By Kate Jacobson | January 11, 2021
Those who suffer cardiac and pulmonary events and chronic diseases often are saddled with more than just the physical repercussions of their illness. They’re also battling declines in cognitive functions—and that can have a major impact on program adherence.
Diann Gaalema, PhD, associate professor at the University of Vermont, said those working in the cardiac and pulmonary rehabilitation space need to start thinking about how the cognitive functions of patients may be stunting their progress. And, more importantly, what they can do as staff to break down cognitive barriers that make people less adherent.
“Managing a chronic disease is a very cognitively challenging thing,” she said. “And we see that cognitive challenges are predicting non-adherence to disease management. But we also know that if we can get people into rehab and support these patients, we can help them overcome the deficits.”
Cognition is a very broad term that encompasses how people think and acquire knowledge about things. All of us are able to develop information about ourselves and the world around us by using our senses and experiences. For some, though, top-down cognitive processes and memory are impacted by chronic illnesses.
Gaalema said in her research, patients with chronic pulmonary and cardiovascular diseases, such as COPD and coronary artery disease, are more likely to suffer cognitive impairment as a result of their illness. If that isn’t difficult enough, after being diagnosed with these types of disease, many patients are asked to change fundamental habits in their life: what they eat, how they exercise, quitting smoking and taking medication.
“These new behaviors may be incongruent with what they’ve been doing for the last 60 years,” she said. “You have decades of experience behaving in one way, and you’re being told you need to change everything you’ve been doing. That is going to be incredibly cognitively challenging.”
When patients are struggling with these issues, their adherence to the overall program struggles as well. In a study she conducted, Gaalema found that those who scored lower on cognitive flexibility tests—which measure one’s ability to change what they’re doing in response to new information—had a 45% program completion rate. Compare that to the 65% completion rate for those who scored higher.
Those who had higher rates of impulsivity—or those who place a higher emphasis on what’s happening now vs. what could happen in the future—also had lower adherence rates. Only about a third of those patients completed the program, compared to two thirds completion rate of those with less impulsivity.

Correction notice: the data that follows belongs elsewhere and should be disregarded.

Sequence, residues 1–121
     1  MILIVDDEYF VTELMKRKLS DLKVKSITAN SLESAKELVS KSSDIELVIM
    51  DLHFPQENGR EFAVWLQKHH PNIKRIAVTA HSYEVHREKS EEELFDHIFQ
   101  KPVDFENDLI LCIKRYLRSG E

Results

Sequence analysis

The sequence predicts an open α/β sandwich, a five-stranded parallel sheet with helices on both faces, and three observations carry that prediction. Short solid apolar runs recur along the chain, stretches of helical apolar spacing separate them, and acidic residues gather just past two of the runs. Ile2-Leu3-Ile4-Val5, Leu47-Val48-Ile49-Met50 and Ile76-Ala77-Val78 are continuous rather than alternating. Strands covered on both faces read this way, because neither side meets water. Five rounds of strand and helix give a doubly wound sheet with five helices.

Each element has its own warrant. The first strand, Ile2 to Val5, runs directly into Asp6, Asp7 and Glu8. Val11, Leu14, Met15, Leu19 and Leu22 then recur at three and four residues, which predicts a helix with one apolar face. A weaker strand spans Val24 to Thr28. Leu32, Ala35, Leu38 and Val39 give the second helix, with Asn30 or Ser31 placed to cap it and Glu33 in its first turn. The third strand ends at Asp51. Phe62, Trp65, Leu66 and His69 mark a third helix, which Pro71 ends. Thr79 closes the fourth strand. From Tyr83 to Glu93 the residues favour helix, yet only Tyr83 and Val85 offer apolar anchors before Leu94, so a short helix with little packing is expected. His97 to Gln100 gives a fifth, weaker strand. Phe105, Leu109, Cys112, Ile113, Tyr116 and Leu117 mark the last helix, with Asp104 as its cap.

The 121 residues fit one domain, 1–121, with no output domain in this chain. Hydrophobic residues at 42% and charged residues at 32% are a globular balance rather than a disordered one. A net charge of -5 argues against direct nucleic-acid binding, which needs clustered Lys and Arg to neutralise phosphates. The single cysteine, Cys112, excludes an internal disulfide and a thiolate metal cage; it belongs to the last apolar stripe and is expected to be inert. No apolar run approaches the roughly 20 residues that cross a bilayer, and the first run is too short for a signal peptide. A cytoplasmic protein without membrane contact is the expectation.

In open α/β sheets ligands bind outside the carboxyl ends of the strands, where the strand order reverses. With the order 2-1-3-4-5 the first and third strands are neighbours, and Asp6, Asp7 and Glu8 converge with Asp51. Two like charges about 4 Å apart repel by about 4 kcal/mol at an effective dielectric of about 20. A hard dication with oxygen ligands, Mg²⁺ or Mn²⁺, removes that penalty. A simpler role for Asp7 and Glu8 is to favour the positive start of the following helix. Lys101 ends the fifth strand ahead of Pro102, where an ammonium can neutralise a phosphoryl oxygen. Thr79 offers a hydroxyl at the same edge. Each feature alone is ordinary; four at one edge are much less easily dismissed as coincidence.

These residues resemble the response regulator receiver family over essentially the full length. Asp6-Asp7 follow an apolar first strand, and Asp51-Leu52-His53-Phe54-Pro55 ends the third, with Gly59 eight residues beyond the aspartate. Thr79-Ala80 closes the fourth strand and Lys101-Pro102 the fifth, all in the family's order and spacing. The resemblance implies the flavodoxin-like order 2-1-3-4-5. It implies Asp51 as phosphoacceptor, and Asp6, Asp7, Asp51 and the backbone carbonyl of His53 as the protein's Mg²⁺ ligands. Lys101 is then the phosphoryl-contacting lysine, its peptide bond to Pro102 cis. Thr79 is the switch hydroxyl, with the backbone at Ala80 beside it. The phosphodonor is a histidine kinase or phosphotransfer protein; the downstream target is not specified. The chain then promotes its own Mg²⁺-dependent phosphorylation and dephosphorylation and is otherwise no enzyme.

“There are high rates of these impairments in this population, and they’re predicting how patients interact with care,” she said. “These are important things we need to keep an eye out for.”
Gaalema said CR and PR professionals need to understand that all patients are at risk for suffering cognitive impairment. And because they might not be presenting as “severe” symptoms, like those associated with dementia, they should be taken very seriously. Even a slight impairment of someone’s cognitive ability might make it hard for them to remember to go to appointments or take their medications correctly, which overtime can affect the impact of rehabilitation.
So what can those in the field do to combat these cognitive impairments? Gaalema said it’s important to start at the beginning. Ask your patients questions about how they’re feeling mentally, perform simple cognition tests that measure executive function and cognitive flexibility. Examine how patients are dealing with objective and subjective tasks: Are they struggling with simple memory issues? How quickly can they shift their thinking? What’s their ability to manage and maintain goals?
From there, you can help craft a care plan that takes into consideration where they struggle—and create systems to reward patients when they succeed. Clinics themselves can also take down barriers of care. Simple things like automatic appointment reminders, auto-enrollment and scheduling visits that conjunct with other appointments can make the task of rehabilitation less cognitively taxing.
“It can make a difference for someone,” she said. “It may not be obvious why a patient is struggling to get into rehab, so anything we can do to make sure they’re not having trouble is something that contributes to adherence.”
And as a patient is going through the program, it’s important to continue having conversations about cognition. Understanding the support a patient needs and helping them overcome those challenges can help their overall cognitive functions overtime—and get them to adhere to their CR/PR journey.
“Programs should be aware that patients are facing these challenges,” Gaalema said. “If we can get those patients engaged and keep them in care, we can make a difference for them cognitively.”
This presentation originally appeared as part of the AACVPR 35th Annual Meeting.